I have a confession to make, something that in the age of COVID-19 seems almost seditious: daily, up-close human contact is an indispensable part of my life.
I use a motorized wheelchair and I need assistance doing the routine things everyone does every day, like getting dressed and getting out of bed and doing laundry and all that. I've hired a crew of people to come in and help me do that stuff. Their wages are paid by a state Medicaid-funded program.
If my crew members do not show up, I don't get out of bed. There's no way around it. I wish my powers of concentration were so strong that I could levitate myself out of bed, but they're not. I wish there really was technology like they have on Star Trek and I could beam myself into my wheelchair, but there isn't.
Generally, I think this reliance is a good thing. It's a good reminder that, no matter what, everything comes down to us all taking care of each other. That's what's gotten us humans this far. Let's not get distracted by libertarian fantasies of rugged individualism. In the end, they'll only let us down.
The tougher the times, the more important human contact is to me. We are in a situation where human contact is the one thing we're all supposed to avoid. We're all supposed to isolate, but some of us can't. And that's what's so scary. It will take a whole lot of human contact to get me through this.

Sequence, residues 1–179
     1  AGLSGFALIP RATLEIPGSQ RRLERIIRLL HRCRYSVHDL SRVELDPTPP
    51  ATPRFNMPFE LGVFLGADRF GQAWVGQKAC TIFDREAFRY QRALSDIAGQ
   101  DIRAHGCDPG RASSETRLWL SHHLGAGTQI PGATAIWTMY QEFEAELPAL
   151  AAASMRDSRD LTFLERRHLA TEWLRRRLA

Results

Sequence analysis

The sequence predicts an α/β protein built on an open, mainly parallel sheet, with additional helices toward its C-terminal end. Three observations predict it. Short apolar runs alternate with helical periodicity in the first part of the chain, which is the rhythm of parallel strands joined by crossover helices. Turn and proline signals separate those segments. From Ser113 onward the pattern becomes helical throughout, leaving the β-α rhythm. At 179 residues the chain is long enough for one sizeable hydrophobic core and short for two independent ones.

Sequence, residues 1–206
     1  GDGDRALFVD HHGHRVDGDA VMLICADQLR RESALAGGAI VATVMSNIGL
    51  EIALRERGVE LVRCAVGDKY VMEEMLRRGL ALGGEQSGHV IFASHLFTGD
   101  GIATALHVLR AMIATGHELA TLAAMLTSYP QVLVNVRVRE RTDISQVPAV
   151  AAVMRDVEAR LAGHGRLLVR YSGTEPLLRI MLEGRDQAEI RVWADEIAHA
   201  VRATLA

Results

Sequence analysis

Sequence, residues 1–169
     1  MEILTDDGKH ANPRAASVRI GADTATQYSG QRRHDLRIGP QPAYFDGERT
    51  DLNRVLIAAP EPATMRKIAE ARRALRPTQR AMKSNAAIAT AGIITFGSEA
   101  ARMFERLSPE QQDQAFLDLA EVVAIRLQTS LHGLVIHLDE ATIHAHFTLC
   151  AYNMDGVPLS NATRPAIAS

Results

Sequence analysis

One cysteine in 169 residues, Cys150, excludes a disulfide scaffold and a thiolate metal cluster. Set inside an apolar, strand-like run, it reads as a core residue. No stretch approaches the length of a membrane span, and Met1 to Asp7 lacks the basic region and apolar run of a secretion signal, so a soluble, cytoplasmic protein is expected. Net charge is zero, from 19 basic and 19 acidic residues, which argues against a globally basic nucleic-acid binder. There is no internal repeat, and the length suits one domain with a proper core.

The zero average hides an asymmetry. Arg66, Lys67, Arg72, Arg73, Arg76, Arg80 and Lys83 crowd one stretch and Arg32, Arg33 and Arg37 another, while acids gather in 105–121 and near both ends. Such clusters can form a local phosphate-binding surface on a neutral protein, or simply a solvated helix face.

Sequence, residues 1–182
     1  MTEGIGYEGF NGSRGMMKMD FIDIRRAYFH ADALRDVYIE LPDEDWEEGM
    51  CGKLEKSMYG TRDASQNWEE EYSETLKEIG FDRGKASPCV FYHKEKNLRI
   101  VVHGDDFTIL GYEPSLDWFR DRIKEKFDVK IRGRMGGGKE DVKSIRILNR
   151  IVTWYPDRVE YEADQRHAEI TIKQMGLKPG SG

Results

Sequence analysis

I fear the lockdown escalating to something like martial law. It's already happening in California, where the governor has ordered everybody to only go out for essential reasons. I don't blame him for doing that, but I worry about the varying interpretations of the word "essential."
At this surreal time, a pizza delivery person is essential. And the people who help me and the hundreds of thousands of disabled folks in the United States who rely on similar assistance are essential — at least to us. Without their daily human contact, we're screwed.
My crew members are among those who can't just hide at home and wait for the "All clear!" because if they do, some people will suffer even more. But I fear that while they're on the way to me, they'll be detained at Checkpoint Charlie and ordered to state their business. And when they say they're going to help some old guy get out of bed, that won't be considered essential.
I know in all this isolation my mind often wanders to a dark place. I hope this fear will ultimately prove to be a silly delusion brought on by all of that.
I also hope those crafting the response to the coronavirus are wise enough to know that the ability to successfully separate ourselves from other humans isn't the key to survival for everyone. For many of us, it's quite the opposite.
Mike Ervin is a Chicago-based writer and a disability-rights activist with ADAPT (www.adapt.org). This column was produced for the Progressive Media Project, which is run by The Progressive magazine, and distributed by Tribune News Service.